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President Donald Trump has threatened placing tariffs on a variety of products coming out of the European Union (EU), including cheese, butter and yogurt. While the U.S. does not export many dairy products to the EU, the two countries rely heavily on each other.

In 2018, 76% of U.S. cheese imports came from Europe, which accounted for 16% of EU exports, making the U.S. Europe’s largest customer, according to Nate Donnay, director of dairy market insight with INTL FCStone. Of the cheese imported last year, the tariffs would impact about 72% of those imports, which covers about 55% of total imported cheese from the EU. Assuming a 30% tariff rate, import quantities could potentially fall by 7,000 to 10,000 metric tons per year, according to Donnay.   

“Theoretically, with lower imports due to the higher total cost, U.S. prices should rise,” Donnay says. “The problem is that Europe will still need to do something with that 7,000 to 10,000 tons of cheese which probably means dropping their prices enough to find a buyer on the world market.” 

That will make it harder for U.S. cheese companies to compete on the world market, which could hurt U.S. prices, he adds. If U.S. production of specialty cheese increases and takes milk away from bulk cheese production to make up for lower imports, Donnay says the tariffs would boost U.S. cheese prices by 0.5 to 1.5 cents per pound.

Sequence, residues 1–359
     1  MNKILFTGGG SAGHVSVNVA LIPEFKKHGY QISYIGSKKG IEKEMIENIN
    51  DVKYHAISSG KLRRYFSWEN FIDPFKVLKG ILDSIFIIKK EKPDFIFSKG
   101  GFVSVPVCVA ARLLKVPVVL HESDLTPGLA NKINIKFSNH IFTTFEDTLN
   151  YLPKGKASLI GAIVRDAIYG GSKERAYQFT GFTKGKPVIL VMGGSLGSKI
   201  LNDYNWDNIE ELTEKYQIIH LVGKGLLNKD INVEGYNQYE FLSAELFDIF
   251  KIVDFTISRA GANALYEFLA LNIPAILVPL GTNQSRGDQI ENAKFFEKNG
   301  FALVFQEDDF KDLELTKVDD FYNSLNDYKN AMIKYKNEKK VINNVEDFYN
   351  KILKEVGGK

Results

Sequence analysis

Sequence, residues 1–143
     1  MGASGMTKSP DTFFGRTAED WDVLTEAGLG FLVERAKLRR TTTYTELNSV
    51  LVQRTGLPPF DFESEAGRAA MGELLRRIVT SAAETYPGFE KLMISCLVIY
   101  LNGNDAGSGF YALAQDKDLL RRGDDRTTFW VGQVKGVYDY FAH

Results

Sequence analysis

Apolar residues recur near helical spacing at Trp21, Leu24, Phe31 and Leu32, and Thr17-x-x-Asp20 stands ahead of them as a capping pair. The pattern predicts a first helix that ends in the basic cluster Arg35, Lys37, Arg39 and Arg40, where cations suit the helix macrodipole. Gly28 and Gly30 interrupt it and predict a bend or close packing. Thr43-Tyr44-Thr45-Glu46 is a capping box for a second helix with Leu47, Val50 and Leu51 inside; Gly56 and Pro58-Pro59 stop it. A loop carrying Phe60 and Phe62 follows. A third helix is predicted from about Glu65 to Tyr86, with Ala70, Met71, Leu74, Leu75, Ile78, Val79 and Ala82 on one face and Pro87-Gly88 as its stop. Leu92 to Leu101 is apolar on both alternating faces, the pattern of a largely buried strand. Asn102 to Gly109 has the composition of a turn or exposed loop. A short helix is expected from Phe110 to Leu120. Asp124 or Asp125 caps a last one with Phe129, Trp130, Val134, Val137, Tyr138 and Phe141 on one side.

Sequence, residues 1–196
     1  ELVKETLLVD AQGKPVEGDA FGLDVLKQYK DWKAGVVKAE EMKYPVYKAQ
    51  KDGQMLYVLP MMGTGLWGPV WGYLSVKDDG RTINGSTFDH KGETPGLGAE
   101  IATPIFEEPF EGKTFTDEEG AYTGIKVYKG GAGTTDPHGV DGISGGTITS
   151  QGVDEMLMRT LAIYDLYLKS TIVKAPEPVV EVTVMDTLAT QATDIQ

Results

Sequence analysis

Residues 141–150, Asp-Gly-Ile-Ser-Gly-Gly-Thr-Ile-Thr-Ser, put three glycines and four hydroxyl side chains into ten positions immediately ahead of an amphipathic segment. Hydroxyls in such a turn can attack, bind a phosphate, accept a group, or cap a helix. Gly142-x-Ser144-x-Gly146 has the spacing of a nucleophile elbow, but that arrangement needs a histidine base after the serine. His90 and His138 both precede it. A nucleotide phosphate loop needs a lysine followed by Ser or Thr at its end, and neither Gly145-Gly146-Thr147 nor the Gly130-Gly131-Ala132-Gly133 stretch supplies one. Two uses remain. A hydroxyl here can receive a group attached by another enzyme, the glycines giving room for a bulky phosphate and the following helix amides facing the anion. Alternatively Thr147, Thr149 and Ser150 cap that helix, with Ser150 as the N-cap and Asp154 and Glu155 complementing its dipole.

While the impact on cheese could be minimal, Donnay says butter could be a different story. 

About 88% of U.S. butter imports came from the EU last year, accounting for 21.6% of EU butter exports. Most of the butter coming from Europe is different from butter produced in the U.S. due to specific product attributes (i.e. grass fed, higher fat content, etc.), so Donnay says it’s hard to say if consumers will be willing to substitute away from European butter to U.S. produced butter, or if they will just pay more for the imported butter. It's also possible the importers will absorb all or most of the tariff in order to maintain recently won market share.  

The level of the tariff will impact how much product is imported, which will ultimately determine any impact on price. Consumers will have a say as well. If they decide to switch from imported to domestically-produced utter, then reducing imports and preserving demand would add price support, Donnay says. But if consumers don’t make the switch, the impact on prices would be considerably less.  

Another factor weighing on business transactions between the EU and the U.S. is Brexit. When the United Kingdom decides to leave the EU, products from that area would not be susceptible to these additional tariffs, Donnay says. 

“Most of the butter we’re importing comes from Ireland,” he says. “The U.K. is already a net importer of cheese, so they probably wouldn’t be sending much more cheese to the U.S. after Brexit.”

A decision on Brexit has been postponed until October 31, 2019. 

Despite other countries where U.S. tariffs have resulted in retaliatory tariffs placed on U.S. products, Donnay says he doesn’t expect the EU to retaliate with tariffs on U.S. products. “Even if they do choose to target dairy, we don’t send enough product to them to have any impact on U.S. prices from it.”

“Reprinted by permission of Farm Journal media, April 2019”

This story originally appeared online on the Farm Journal's Milk webpage.

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